I'm fine with Hush. He was introduced as an entitled little ZOINKS who thought he was destined for greatness for no reason, then reality smacked him upside the head so hard that he saw the tears of time and realized he didn't want to be the next Katz, so he wizened up, relinquished his foolish dream of AVSx4, and re-purposed his original spirit and angst to set about doing what was actually within his ability while steadily growing stronger and developing in a more realistic way. He realized that he would never be Mikazuki, that he didn't actually want to be Mikazuki, but that he could still learn from him and live proudly as a normal MS pilot (and this was something he still had to work toward, it's not like he just said "oh well, guess I'll just settle with being a Mobile Worker pilot for life").

So it's ironic that after Mika loses the use of his leg, Hush becomes his new legs and ultimately shares Mika's fate in the final battle while fighting beside him as a respected comrade to give the rest of Tekkadan a chance at a new life, not even noticing that he'd effectively become what little-ZOINKS Hush could only dream to be. Heck, there was even a reference to his childhood hero when he took that mecha-axe to the abdomen and (presumably) lost the use of both legs.

It may have come to a tragic ending, but Hush was actually one of the better-developed characters. But, see my massive spoiler-rant about how IBO botches the portrayal of good stories.
sdwoodchuck wrote:
Thu Apr 13, 2017 5:17 pm
Areku:

I mostly agree with you, though my negative opinions aren't quite as strong. I feel like they had a great world-building team, and then the writing just had no idea what to do, and did a lot of treading water, and then at the last minute realized they needed to actually GET somewhere and rushed through everything that should have been built up over the course of the entire second season.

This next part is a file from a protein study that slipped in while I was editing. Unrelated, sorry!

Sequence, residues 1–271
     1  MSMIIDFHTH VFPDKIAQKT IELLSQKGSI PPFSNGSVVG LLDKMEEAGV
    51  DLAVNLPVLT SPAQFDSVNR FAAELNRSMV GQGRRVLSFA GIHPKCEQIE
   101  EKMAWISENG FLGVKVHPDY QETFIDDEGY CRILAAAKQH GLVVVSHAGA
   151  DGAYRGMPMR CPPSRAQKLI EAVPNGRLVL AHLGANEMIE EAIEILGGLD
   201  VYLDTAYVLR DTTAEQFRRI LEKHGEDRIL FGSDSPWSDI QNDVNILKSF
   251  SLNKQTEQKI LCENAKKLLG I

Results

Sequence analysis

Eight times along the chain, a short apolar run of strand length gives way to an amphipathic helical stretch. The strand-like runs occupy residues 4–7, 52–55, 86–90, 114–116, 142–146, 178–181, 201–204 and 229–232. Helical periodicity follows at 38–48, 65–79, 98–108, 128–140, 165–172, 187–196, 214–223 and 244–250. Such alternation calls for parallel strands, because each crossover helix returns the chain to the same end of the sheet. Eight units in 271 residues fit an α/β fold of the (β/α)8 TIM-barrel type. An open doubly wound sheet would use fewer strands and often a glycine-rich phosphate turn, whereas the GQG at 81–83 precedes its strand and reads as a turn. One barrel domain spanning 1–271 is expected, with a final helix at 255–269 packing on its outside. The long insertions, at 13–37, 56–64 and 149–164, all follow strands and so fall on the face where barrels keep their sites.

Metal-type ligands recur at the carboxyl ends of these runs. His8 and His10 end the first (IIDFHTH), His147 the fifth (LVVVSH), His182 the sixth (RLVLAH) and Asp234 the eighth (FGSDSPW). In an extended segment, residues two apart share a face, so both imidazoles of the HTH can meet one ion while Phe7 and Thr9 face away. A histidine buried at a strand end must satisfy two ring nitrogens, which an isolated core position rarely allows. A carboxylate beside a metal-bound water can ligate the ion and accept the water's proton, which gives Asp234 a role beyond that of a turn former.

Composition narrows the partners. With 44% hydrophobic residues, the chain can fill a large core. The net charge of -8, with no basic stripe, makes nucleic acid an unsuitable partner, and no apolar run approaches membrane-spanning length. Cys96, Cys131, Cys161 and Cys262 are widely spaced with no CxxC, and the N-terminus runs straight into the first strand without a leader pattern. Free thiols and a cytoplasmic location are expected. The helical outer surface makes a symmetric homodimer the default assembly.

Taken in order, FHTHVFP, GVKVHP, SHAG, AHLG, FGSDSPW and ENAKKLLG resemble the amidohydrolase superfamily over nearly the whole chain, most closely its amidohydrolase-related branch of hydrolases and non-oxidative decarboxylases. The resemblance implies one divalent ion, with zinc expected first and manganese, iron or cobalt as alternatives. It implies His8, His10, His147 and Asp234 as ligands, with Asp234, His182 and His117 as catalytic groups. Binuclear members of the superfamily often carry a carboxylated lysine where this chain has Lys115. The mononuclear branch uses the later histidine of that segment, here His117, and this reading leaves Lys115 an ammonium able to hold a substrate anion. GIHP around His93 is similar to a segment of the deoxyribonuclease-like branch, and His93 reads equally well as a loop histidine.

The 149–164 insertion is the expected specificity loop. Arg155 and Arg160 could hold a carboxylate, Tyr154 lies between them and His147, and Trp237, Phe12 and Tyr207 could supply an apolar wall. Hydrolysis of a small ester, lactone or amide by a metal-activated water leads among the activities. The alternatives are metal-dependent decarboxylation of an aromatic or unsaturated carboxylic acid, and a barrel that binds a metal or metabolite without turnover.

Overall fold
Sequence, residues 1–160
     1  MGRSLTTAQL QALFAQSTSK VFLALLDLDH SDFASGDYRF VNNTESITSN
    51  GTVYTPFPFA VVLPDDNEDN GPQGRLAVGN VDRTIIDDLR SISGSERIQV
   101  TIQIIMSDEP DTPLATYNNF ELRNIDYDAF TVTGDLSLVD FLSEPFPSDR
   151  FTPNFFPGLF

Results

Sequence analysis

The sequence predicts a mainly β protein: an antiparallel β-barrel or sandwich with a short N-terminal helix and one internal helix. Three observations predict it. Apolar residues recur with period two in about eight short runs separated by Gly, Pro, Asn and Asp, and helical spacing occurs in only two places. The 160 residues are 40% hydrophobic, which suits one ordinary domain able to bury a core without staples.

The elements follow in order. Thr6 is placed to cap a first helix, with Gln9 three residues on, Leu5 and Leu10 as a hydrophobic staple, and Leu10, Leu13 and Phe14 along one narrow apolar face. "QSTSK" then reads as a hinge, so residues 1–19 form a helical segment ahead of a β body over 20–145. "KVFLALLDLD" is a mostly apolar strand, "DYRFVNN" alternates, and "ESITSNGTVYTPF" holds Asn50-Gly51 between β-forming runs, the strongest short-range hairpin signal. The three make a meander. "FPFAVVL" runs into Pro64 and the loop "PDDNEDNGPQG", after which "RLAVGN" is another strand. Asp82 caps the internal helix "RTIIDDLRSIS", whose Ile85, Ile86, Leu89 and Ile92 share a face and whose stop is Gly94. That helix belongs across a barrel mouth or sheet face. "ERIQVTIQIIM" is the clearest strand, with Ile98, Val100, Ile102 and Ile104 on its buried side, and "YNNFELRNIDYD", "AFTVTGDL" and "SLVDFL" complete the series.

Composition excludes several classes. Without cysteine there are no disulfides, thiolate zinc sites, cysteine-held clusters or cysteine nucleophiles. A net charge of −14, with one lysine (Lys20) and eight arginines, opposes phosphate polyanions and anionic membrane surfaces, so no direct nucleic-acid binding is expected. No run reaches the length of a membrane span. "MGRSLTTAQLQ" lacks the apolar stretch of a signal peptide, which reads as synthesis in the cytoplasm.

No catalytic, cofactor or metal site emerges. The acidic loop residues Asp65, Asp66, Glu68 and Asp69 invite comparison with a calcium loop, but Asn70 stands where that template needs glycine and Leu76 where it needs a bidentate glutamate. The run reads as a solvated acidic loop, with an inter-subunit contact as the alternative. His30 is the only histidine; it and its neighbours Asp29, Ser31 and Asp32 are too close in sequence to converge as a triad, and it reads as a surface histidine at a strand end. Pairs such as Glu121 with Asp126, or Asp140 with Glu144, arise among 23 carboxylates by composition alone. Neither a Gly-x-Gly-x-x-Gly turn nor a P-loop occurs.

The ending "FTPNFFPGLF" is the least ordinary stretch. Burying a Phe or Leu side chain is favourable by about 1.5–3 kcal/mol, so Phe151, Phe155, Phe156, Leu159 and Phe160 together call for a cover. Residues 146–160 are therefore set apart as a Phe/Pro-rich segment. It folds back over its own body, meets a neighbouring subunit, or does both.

That sounds fair. Like I said, there are a lot of good stories being told in IBO (and some not so good), but they're portrayed poorly and are often organized badly within the show's use of screentime. Bad pacing and wasted screentime are some of the natural consequences of the stuff I've tried to describe.

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Re: The Official Gundam Iron-Blooded Orphans Anime Thread Mk IV

Post by AmuroNT1 » Fri Apr 14, 2017 4:47 am

Areku wrote:
Fri Apr 14, 2017 12:00 am
I'm fine with Hush. He was introduced as an entitled little ZOINKS who thought he was destined for greatness for no reason, then reality smacked him upside the head so hard that he saw the tears of time and realized he didn't want to be the next Katz, so he wizened up, relinquished his foolish dream of AVSx4, and re-purposed his original spirit and angst to set about doing what was actually within his ability while steadily growing stronger and developing in a more realistic way.
I dunno if I'd say Hush was entitled so much as HE thought MIKA was entitled (at least in the sense of "what's this little punk got that my old friend didn't?") and acted like a prick about it. But like you said, reality slapped him upside the head like an award-winning bass.

(Oh, and as a minor quibble: "wizened" means shriveled up; you meant "wised up". Please don't mind my English wonk-iness.)